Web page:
Electoral College and Voting

Electoral College

The time to vote is almost upon America. With the COVID-19 pandemic running rampant throughout the world, many people have sought safe ways to vote.

American voters’ ballots are collected, counted, and the winning candidate is assigned the state’s electoral votes. The Electoral College was designed by the Founding Fathers of the U.S. Overall, there are 538 members, one for each U.S. representative and senator. There are three additional electors to represent the District of Columbia.

Every state has been assigned electoral votes, which are equal to the total of their Congressional delegation — including two Senators and the number of Representatives allotted for their state. Then each state legislature is free to determine the process on which to use their electors.

Electoral CollegeFor example, the state of California has two Senators and 53 Representatives. Therefore California is allotted 55 electoral College votes.

In states like Alaska and Wyoming, both only have one Representative. So. they each have a total of three Electoral College votes.

In each election, 538 Electoral College “Elector” votes are up for grabs. This system is fairly simple, really. The person who receives the most votes in the state wins the Electoral College votes for that state.

However, Maine and Nebraska distribute their votes slightly differently. They divide the states into two Congressional districts, and each district is given one Electoral Vote. This leaves two votes for the overall winner in Maine and three in Nebraska.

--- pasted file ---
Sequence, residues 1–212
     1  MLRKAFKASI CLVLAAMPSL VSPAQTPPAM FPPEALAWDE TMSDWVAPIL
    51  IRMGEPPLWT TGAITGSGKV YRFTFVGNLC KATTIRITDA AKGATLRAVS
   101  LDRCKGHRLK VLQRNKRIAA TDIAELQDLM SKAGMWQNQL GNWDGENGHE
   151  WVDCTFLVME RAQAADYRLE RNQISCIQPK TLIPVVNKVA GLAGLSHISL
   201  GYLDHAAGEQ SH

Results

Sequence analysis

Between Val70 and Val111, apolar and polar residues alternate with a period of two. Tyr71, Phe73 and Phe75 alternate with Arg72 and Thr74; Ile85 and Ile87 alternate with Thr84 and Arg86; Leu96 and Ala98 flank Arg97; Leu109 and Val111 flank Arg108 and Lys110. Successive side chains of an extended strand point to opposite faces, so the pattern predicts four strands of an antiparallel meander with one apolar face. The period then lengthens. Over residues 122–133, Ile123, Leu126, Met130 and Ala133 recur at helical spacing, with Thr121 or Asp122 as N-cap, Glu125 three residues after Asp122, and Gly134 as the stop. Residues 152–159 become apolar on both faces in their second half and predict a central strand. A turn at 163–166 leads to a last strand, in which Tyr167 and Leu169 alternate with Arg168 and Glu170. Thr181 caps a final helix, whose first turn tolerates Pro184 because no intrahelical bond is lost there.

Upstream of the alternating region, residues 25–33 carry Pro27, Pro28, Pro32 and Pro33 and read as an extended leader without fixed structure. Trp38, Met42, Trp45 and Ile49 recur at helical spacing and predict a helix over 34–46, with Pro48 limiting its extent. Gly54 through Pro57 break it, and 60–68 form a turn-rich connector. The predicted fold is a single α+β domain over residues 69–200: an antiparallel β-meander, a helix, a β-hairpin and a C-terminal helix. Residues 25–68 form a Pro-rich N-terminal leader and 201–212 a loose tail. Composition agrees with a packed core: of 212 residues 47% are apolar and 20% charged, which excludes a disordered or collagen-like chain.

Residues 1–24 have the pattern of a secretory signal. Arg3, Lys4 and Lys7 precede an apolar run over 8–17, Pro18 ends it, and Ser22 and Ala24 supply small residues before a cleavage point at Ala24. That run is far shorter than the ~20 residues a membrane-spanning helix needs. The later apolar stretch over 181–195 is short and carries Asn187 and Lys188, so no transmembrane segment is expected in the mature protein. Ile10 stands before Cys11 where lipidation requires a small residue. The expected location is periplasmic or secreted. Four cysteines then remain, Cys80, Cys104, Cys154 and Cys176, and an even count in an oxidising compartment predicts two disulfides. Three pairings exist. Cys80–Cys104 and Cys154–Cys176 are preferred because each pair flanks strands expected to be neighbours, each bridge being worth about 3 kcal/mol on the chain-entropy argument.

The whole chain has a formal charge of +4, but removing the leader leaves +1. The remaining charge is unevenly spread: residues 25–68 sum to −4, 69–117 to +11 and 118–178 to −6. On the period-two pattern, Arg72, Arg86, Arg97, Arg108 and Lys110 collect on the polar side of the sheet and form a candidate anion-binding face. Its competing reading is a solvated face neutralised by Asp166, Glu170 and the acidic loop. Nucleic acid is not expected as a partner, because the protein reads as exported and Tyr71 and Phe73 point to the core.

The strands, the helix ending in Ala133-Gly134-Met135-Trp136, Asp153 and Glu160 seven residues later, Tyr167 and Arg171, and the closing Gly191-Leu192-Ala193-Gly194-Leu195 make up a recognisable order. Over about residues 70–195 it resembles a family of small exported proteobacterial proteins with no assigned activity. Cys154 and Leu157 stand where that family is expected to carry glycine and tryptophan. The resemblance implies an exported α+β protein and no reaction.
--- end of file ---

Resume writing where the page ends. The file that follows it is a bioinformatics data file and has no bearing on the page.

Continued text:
Once all the votes are counted, the candidate who wins the majority of the votes wins the election. If at any time there becomes a tie, the newly-elected House of Representatives will decide the outcome.

Therefore if the House has to be the deciding vote, the majority vote rules — 26 out of 50 votes, currently, the House comprises 26 Republicans, 20 Democrats, with the remaining four spots split evenly.

In the 240 years the Electoral College been around, it has received a lot of mixed feelings. Some people believe that some states are overrepresented, even with them having the minimum of three Electoral College votes.

Written By Sheena Robertson
Edited by Cathy Milne-Ware

Election Central: Electoral College: How Does It Work?; Jack Walker

National Conference of State Legislatures: The Electoral College

Inline Image by 2090Cal Courtesy of Wikimedia – Creative Commons License
Featured and Top Image Courtesy of Timothy K Hamilton’s Flickr Page – Creative Commons License

Leave a Reply

Your email address will not be published.